Food Allergies Are Incredibly Expensive


How expensive? Study results show that families with children who are allergic to staple food items pay out thousands of extra dollars each year in direct and indirect costs.

Numerous studies have attempted to quantify the medical toll that severe food allergies inflict upon children. One such study from Sweden provided new data about the financial toll they inflict upon families.

Researchers recruited 84 children and 60 adolescents at risk of anaphylaxis because of allergies to cow’s milk, hen’s eggs and/or wheat. Then, they compared annual household expenditures from patient families with household expenditures from the families of control subjects with no allergies.

On average, families spent €3,961 ($4,324) more each year on allergic children and €4,792 ($5,230) more each year on allergic adolescents than they did on comparable controls with no allergies (P < .05).

These calculations included both direct costs such as medication expenditures and indirect costs such as time spent in medical offices. A history of anaphylaxis was associated with still higher costs in children — €13,016 vs. €10,044 for allergic children with no history of anaphylaxis; P<.05 &mdash; but not in adolescents.

“Households with young children allergic to staple foods may seek to purchase allergen-free staple foods, which are often more expensive than traditional staple foods Likewise, these households may also seek significantly more contact with health care professionals than households without a food allergic child,” the study authors wrote in The Journal of Allergy and Clinical Immunology: In Practice.

Allergy-related expenses, both direct and indirect, varied relatively little among households with younger children, but they varied considerably among households with older children.

Indeed, average additional direct costs were nearly 50% higher in the latter group, but variance was so high that results were insignificant (p = 0.148). Variance of indirect expenses among families of adolescent patients was also high enough to make for insignificant results. (It was only by combining the 2 types of expenses that results were significant.)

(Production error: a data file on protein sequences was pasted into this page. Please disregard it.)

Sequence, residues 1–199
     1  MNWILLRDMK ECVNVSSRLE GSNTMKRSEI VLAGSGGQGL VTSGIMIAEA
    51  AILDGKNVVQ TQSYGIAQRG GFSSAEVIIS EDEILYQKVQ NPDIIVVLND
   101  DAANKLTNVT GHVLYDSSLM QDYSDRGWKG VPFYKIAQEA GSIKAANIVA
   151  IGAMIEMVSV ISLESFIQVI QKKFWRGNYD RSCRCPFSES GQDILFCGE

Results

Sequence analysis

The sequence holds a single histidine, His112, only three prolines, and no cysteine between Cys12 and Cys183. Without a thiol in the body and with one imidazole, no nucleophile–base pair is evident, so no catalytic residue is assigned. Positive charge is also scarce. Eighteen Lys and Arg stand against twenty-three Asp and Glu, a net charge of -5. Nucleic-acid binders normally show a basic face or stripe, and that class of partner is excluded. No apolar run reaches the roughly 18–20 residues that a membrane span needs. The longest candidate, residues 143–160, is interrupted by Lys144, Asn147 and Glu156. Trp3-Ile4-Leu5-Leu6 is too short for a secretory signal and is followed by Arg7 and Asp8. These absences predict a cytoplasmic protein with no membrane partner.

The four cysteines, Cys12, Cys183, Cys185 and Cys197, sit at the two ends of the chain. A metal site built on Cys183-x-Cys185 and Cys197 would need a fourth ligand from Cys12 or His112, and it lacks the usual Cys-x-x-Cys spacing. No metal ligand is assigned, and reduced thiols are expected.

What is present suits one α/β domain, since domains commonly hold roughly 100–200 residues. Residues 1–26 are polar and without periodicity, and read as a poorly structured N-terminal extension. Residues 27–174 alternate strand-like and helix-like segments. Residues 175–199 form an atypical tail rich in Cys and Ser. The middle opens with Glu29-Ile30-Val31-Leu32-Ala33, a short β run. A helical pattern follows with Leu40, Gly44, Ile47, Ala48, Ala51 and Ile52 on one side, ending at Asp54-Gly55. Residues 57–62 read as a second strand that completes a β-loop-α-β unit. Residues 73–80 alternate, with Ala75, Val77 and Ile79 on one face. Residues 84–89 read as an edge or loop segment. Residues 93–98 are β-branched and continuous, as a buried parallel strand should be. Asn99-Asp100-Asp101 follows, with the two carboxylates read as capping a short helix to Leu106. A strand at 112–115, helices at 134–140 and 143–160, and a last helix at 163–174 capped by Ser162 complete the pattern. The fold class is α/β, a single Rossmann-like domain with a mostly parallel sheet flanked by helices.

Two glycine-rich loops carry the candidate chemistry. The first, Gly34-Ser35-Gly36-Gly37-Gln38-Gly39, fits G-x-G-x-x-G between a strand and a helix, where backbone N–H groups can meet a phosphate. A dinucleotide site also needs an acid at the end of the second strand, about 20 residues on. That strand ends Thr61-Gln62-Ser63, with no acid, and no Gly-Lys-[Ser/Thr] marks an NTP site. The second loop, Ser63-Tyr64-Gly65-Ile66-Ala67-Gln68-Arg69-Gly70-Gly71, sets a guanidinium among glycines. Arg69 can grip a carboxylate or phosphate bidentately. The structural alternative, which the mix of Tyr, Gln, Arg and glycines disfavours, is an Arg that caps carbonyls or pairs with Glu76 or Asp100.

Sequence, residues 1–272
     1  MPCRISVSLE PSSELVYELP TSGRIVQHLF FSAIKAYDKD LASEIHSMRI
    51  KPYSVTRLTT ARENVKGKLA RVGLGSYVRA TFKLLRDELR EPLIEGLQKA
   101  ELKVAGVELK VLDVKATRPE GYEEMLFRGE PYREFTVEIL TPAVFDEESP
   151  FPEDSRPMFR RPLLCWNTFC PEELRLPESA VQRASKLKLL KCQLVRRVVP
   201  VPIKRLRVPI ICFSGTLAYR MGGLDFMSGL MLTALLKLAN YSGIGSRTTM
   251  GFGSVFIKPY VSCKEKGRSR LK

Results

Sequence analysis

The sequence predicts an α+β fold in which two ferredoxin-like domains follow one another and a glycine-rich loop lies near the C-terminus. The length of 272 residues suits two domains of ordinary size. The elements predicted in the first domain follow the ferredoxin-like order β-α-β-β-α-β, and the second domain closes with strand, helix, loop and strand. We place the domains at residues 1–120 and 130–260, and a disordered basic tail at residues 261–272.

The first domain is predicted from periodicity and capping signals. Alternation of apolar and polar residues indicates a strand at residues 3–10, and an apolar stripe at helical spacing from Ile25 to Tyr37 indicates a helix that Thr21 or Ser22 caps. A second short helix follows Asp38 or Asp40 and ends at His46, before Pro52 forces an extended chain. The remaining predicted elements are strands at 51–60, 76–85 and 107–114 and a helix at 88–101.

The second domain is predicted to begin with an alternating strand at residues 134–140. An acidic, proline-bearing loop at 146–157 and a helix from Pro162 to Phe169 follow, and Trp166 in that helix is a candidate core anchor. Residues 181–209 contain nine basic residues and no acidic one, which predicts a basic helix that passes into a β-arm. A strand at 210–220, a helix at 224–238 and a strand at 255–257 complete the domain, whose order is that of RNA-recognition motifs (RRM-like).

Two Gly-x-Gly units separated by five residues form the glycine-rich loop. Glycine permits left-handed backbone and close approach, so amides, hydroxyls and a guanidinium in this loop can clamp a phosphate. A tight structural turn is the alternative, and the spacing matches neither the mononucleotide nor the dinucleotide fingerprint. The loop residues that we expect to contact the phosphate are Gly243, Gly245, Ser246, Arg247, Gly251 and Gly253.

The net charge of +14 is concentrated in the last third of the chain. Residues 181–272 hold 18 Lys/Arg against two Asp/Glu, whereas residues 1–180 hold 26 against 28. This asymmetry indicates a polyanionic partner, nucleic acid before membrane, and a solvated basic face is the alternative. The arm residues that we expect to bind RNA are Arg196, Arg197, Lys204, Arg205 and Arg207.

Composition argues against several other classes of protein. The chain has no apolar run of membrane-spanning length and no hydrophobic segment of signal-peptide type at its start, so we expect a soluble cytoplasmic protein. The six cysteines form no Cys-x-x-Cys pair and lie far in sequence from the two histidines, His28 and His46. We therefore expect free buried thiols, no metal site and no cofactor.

The researchers offered several possible explanations for the fact that some households with adolescent patients faced far lower costs than most households with younger patients while others faced far higher costs.

“Households with food allergic adolescents may have normalized their lives and seek health care professionals' services less often,” either because they learn to manage the condition or because kids outgrow it. What’s more, they noted, many adolescents “begin to develop skills to cope with their food allergy (eg, bringing ‘safe’ foods to social events, inquiring restaurant-prepared foods, reading food labels).”

Other adolescents, however, can generate big costs by intentionally doing just the opposite.

“Adolescents may engage in more risk-taking behaviors, including knowingly consuming unsafe foods or failing to carry an adrenaline autoinjector,” the study authors wrote. “These behaviors may warrant more regular contact with health care professionals and, subsequently, greater lost household earnings. This theory also aligns with our observation that food allergy severity, concomitant allergic disorders, and the number of offending foods was associated with indirect costs among adolescents.”

Translating costs from Sweden to the United States is difficult because the prices of different goods and services vary significantly. That said, the findings of the Swedish study generally agree with those from an earlier American study that took a very different approach to calculating the cost of severe childhood allergies.

That study, which appeared in JAMA Pediatrics, surveyed the caregivers of 1,643 children with diagnosed food allergies and found overall costs that totaled $4,184 per child, per year — a figure that included both direct expenditures and indirect expenses such as work missed for a child’s medical appointments.

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